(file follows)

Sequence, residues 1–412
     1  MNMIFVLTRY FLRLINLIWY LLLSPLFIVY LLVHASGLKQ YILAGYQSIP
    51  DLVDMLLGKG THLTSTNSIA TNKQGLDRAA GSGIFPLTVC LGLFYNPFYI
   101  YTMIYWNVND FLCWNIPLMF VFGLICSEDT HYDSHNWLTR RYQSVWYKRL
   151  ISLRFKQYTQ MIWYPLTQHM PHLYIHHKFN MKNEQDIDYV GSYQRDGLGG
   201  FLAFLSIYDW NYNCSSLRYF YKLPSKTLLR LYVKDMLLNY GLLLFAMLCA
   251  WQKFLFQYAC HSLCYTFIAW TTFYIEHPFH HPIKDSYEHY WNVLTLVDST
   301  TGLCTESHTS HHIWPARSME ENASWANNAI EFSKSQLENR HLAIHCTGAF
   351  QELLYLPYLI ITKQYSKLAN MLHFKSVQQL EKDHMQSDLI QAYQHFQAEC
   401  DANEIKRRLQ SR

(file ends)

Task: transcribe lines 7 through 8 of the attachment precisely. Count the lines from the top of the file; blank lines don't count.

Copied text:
   251  WQKFLFQYAC HSLCYTFIAW TTFYIEHPFH HPIKDSYEHY WNVLTLVDST
   301  TGLCTESHTS HHIWPARSME ENASWANNAI EFSKSQLENR HLAIHCTGAF